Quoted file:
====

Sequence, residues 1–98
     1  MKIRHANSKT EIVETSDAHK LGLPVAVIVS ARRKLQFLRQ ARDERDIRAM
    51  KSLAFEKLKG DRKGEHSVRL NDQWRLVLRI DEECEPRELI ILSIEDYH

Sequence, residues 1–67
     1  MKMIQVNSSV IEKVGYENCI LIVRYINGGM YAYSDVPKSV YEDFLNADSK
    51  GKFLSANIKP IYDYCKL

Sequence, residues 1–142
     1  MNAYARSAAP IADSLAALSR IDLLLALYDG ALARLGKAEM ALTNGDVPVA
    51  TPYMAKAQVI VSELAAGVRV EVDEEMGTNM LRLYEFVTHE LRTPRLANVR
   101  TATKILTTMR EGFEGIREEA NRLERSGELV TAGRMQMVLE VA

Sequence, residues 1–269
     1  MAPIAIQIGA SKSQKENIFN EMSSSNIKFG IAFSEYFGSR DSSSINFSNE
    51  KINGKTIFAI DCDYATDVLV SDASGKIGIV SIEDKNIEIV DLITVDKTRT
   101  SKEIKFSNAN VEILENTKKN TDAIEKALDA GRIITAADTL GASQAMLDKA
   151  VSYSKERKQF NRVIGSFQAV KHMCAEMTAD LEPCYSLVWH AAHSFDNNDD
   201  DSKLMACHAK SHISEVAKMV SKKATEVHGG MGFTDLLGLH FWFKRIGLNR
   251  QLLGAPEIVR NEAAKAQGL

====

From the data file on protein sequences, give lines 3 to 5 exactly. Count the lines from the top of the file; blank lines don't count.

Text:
    51  KSLAFEKLKG DRKGEHSVRL NDQWRLVLRI DEECEPRELI ILSIEDYH

Sequence, residues 1–67
     1  MKMIQVNSSV IEKVGYENCI LIVRYINGGM YAYSDVPKSV YEDFLNADSK